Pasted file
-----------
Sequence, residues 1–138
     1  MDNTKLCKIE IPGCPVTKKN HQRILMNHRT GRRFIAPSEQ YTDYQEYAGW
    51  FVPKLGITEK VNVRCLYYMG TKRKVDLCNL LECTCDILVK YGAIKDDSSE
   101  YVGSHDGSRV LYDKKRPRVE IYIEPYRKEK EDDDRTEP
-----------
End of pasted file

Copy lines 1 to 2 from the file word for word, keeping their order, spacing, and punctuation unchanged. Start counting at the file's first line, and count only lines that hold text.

Sequence, residues 1–138
     1  MDNTKLCKIE IPGCPVTKKN HQRILMNHRT GRRFIAPSEQ YTDYQEYAGW